17

What are the symptoms of Primary Adrenal Insufficiency?

Hypotension
Hyponatremia
Hyperkalemia
Hypoglycemia

18

How is Primary Adrenal Insufficiency treated?

1) Oral cortisol and liberal Na+ intake
2) Fludrocortisone (mineralcorticoid)

19

What is Secondary Adrenal Insufficiency?

1) Pituitary disease with a decrease in ACTH production and thus, cortisol
2) Hypothalamic disease with decrease in CRH
- Less ACTH
- Less Cortisol

*Note that because aldosterone is controlled by ACE II, people with secondary pituitary DO NOT have elevated aldosterone

20

How is Secondary Adrenal Insufficiency treated?

Cortisol

21

What is Cushing's Disease?

Corticosteroid excess

22

When is Cushing's Syndrome commonly seen?

Iatrogenic chronic glucocorticoid therapy

Also seen with:
1) Pituitary tumor and increased ACTH
2) Ectopic ACTH tumor
3) Adrenal tumor

23

What are the characteristic features of Cushing's Syndrome?

- Moon-face
- Buffalo hump
- Increased abdominal fat
- Muscle wasting
- Osteoporosis
- Easy bruising

24

What is the utility of high dose dexamethasone suppression test?

Determining the etiology of Cushing's Syndrome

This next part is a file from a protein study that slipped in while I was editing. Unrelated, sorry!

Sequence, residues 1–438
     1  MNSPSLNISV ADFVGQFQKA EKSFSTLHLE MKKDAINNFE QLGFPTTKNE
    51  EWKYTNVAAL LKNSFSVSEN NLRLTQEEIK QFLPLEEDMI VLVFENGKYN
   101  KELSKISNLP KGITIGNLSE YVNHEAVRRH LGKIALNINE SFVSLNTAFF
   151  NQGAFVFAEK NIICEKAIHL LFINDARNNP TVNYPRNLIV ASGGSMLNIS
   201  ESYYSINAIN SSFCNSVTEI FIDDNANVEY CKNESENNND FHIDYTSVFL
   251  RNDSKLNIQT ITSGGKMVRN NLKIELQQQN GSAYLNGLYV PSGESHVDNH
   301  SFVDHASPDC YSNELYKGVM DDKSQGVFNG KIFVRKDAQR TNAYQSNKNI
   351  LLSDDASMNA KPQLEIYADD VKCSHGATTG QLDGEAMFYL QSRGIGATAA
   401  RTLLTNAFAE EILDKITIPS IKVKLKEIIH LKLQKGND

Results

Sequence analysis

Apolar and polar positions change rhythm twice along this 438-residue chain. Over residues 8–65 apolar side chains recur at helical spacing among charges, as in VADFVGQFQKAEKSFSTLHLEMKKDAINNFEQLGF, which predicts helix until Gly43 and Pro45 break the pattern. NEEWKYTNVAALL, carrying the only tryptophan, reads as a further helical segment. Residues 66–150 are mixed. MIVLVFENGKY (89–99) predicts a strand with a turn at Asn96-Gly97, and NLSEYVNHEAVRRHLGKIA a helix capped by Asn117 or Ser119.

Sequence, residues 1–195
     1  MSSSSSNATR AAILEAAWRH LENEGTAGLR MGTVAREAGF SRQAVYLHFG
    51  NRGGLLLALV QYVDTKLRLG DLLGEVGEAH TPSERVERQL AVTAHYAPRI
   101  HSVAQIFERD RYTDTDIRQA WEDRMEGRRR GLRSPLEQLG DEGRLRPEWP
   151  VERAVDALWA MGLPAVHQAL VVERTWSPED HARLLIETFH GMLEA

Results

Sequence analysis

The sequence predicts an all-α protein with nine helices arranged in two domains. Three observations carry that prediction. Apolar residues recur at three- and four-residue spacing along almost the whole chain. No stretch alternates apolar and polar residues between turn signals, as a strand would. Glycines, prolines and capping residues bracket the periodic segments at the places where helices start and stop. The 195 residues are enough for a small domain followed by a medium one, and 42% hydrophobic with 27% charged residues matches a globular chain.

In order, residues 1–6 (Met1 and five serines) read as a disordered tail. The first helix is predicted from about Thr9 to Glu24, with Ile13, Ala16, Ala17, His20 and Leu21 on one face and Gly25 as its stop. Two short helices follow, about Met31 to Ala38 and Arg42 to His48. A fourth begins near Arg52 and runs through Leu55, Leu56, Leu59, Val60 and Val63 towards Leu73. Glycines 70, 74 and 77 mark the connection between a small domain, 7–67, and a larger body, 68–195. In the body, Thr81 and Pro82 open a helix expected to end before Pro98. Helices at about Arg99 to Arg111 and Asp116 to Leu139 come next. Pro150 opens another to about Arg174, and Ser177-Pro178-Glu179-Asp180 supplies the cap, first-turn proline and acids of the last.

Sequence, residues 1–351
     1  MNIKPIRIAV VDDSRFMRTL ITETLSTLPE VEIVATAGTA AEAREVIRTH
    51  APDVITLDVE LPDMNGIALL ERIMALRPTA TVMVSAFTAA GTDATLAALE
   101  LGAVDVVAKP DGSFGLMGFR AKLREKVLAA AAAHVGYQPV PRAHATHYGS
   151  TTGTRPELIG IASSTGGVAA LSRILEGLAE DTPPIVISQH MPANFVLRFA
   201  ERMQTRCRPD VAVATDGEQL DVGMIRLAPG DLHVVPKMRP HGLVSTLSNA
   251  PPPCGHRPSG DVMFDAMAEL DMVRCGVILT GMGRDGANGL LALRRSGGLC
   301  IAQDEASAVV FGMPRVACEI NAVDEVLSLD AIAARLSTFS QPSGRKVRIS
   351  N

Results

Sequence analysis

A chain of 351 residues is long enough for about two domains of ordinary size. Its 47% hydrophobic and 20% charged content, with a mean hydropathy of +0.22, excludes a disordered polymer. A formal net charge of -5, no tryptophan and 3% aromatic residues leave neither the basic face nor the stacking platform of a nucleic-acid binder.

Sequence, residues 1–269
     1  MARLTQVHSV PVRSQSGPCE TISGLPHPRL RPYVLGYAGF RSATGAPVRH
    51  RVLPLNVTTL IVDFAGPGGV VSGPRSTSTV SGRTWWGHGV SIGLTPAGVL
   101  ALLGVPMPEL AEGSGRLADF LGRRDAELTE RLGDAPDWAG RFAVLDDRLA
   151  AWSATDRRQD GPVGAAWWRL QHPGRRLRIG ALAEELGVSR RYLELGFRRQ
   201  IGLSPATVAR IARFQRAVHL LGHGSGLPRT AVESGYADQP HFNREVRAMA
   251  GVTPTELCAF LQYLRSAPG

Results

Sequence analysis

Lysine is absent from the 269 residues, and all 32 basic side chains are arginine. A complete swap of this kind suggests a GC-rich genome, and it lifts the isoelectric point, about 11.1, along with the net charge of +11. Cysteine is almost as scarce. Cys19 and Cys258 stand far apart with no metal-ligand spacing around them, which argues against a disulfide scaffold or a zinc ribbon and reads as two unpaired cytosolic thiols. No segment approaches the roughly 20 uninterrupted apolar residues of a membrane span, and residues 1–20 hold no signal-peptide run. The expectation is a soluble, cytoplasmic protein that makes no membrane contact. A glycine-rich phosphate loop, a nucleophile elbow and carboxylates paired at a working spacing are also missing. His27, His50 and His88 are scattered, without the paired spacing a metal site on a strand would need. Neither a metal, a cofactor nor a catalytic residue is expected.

25

What happens with the high-dose dexamethasone test with pituitary hypersecretion of ACTH?

50% reduction in cortisol (b/c of some negative feedback)

26

What happens with the high-dose dexamethasone test with adrenal adenoma?

No reduction in cortisol

- CRH and ACTH down

27

What happens with the high-dose dexamethasone test ectoptic ACTH production?

No reduction in cortisol

- CRH down but ACTH up

28

What drugs are used to treat Cushing's Disease?

Ketoconazole
Metyrapone
Mifepristone

29

What is the MOA of Ketoconazole to treat Cushing's Disease?

Antifungal that inhibits 17a-hydroxylase

30

What toxicity is assocaited with Ketoconazole?

Liver toxicity

31

What is the MOA of Metyrapone to treat Cushing's Disease?

Inhibits 11B-hydroxylase

32

What is Metyrapone commonly used for aside from treating Cushing's Disease?

Diagnostic agent to evaluate ACTH production

33

What is the MOA of Mifepristone?

Glucocorticoid receptor antagonist

34

What is the indication for Mifepristone?

1) Inoperable ectopic ACTH production
2) Adrenal carcinoma

35

What are low doses of Mifepristone used for?